WEDC’s German trade venture recognizes and leverages the powerful cultural and business relationship between Wisconsin and Germany, our sixth largest export destination. During the first three quarters of 2015, $539 million worth of Wisconsin goods were shipped to Germany. In that same period, Wisconsin directly imported $942 million worth of German products.

With the United States serving as an official partner at this year’s event, we will take advantage of the increased visibility of the U.S.A. pavilion affords us to promote our global manufacturing leadership. Industry representatives and business leaders that comprise our delegation will help draw attention to Wisconsin’s innovative technologies, reliable and adaptable supply chain, production quality, sustainable practices and specialized materials capabilities. We will also showcase Wisconsin’s unique industry strengths in bioscience; water technology; energy, power and control; and aerospace manufacturing.

Nate Leiteritz, General Manager of Automation at Miller Electric Mfg. Co., looks forward to the trade venture, specifically the audience that Hannover Messe will provide for his company’s message. “Miller is excited to participate in the Hannover Messe Fair as part of the U.S. and Wisconsin trade delegations to demonstrate how our automated welding equipment and Insight Centerpoint™ software offer exclusive features to enable Germany’s implementation of the current industrial revolution, known as Industrie 4.0,” said Leiteritz. Miller Electric Mfg. Co., a wholly owned subsidiary of Illinois Tool Works (NYSE: ITW), manufactures arc welding and cutting equipment for manufacturing, construction, aviation, and other applications.

Other companies participating in Wisconsin’s delegation include the following:

 American Exchange Services, Inc.—designer and fabricator for large heat transfer equipment used in power generation, process, and pulp and paper industries.

Eagle Technology, Inc.—developer and marketer of software and consulting services for building maintenance and tracking of assets, maintenance activity, schedules, personnel, and inventory.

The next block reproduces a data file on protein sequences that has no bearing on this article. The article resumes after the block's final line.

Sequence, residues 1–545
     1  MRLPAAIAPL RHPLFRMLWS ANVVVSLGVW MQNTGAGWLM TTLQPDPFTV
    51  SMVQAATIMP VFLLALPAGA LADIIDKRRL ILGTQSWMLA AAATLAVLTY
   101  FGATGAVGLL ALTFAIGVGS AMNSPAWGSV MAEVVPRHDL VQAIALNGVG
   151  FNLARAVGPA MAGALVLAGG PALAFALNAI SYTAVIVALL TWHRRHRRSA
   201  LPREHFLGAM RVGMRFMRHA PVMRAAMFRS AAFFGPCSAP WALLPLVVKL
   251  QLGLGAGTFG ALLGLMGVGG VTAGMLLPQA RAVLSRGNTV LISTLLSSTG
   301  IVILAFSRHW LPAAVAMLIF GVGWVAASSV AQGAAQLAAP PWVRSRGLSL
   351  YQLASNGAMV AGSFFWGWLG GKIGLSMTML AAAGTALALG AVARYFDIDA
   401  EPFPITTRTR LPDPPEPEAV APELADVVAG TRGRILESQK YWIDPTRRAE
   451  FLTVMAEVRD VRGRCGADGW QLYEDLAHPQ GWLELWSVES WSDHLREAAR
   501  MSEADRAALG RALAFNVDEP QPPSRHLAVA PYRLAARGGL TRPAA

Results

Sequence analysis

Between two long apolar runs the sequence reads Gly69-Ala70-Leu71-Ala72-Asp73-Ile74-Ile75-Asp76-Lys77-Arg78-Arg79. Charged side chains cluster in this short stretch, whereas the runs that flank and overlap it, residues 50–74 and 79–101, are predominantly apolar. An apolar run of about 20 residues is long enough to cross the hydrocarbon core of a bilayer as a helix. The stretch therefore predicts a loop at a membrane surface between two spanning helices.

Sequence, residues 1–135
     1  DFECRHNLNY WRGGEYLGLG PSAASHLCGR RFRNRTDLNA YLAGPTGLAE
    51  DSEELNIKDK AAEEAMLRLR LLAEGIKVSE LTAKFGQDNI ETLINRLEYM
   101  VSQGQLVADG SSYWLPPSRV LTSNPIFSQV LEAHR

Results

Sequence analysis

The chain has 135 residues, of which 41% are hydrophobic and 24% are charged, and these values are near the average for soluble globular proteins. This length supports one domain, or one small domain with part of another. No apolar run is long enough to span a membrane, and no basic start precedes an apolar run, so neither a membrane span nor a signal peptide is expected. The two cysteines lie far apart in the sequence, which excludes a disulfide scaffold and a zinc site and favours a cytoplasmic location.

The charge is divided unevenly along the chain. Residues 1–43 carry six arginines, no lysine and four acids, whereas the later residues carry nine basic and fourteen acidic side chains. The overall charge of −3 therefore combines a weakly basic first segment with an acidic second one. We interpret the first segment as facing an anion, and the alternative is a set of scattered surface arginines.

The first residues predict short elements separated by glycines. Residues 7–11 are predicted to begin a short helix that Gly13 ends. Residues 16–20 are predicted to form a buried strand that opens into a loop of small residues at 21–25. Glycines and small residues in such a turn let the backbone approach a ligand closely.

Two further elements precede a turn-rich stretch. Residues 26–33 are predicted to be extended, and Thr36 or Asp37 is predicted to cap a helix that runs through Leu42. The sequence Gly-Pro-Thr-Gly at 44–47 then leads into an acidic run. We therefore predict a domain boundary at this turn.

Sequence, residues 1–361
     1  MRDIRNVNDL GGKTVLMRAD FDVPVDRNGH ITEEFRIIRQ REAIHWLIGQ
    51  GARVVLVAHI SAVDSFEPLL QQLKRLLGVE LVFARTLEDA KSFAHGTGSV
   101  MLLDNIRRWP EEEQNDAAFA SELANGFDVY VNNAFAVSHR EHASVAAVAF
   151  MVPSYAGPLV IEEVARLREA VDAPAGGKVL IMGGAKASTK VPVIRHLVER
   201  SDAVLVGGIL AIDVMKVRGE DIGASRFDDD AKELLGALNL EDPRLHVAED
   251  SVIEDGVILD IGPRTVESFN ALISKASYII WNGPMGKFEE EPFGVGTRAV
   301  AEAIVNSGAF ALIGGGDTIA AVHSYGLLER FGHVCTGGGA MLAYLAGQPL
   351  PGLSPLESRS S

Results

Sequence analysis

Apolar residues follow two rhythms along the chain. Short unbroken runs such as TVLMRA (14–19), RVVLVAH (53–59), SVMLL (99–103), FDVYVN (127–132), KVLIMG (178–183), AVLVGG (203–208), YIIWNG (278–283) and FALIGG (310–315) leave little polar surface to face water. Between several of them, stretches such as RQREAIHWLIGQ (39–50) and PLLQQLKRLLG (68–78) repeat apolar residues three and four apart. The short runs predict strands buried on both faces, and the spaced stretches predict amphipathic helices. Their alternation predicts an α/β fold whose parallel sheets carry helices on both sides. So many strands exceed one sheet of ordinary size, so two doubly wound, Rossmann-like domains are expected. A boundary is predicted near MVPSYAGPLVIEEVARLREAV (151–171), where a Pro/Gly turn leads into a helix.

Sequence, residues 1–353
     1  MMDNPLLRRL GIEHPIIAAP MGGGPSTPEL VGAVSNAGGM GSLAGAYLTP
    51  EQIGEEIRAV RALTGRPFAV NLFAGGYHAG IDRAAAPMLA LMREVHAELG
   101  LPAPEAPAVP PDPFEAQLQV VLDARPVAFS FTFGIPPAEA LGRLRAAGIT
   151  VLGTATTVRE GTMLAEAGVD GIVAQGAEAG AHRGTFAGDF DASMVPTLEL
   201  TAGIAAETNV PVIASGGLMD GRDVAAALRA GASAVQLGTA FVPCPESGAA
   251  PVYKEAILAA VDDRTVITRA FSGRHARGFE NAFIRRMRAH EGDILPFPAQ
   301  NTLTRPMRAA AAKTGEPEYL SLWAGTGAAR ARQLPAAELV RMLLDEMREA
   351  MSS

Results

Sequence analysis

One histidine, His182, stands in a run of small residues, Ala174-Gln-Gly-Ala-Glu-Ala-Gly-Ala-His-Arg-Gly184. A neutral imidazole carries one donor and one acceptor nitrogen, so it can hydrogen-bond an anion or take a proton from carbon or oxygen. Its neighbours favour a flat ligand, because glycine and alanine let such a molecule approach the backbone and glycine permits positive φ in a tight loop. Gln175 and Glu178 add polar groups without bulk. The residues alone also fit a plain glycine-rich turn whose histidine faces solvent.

Gaskets, Inc.manufacturer of high performance seals/gaskets, expansion joints and safety clothing material.

Matthews International DBA Lightning Pickmanufacturer of automated pick-to-light, put-to-light, pack-to-light, batch picking carts, and other paperless picking, kitting, assembly and sortation systems.

Pivot Point Inc.—manufacturer of patented and non-patented non-threaded fastening solutions, including clevis Pins, cotter Pins, quick release pins, wire rope lanyards, and others.

Additional firms are expected to join the Wisconsin delegation.

To learn more about Wisconsin’s manufacturing capabilities and the delegation we will be bringing to German in April, please feel free to contact me.


Katy Sinnott
Vice President, International Business Development
Wisconsin Economic Development Corporation


Manufacturing Relies on the Strengths of American Communities

December 16, 2015

This article originally appeared in the White House Blog. Guest blog post by Jason Miller, Deputy Director of the National Economic Council at the White House. 

Today, five years after we pulled our economy back from the brink of collapse, the heartbeat of American manufacturing continues to usher new products and new innovations to the marketplace — driving investments in new technologies that can provide the foundation for future U.S. leadership. In communities across the country, manufacturing firms are again growing and hiring, something thought impossible only a short while ago. Since February 2010, 865,000 new manufacturing jobs have been added – the first sustained job growth in the sector since the 1990s. And new manufacturing establishments have risen in the past two years, as manufacturing entrepreneurship unlocks new opportunities. We need to build on this progress, and we have a long way to go.


Manufacturing Relies on the Strengths of American Communities

Manufacturing, by definition, is local. We know the strength of America’s competitive edge lays in the talent and resilience of communities, where cutting edge factory floor production takes place, and where strategies for growing the next generation of American manufacturers take root. To help communities compete globally for manufacturing jobs and investment, the President launched the Investing in Manufacturing Communities Partnership (IMCP) – an initiative aimed offering national support for local manufacturing talent and economic development strategies being enacted by communities. By leveraging an arsenal of federal tools, IMCP strengthens the competitive edge of manufacturing communities — attracting global firms to locate their production in these communities, and improve the capacity of small manufacturers which power our domestic supply chains.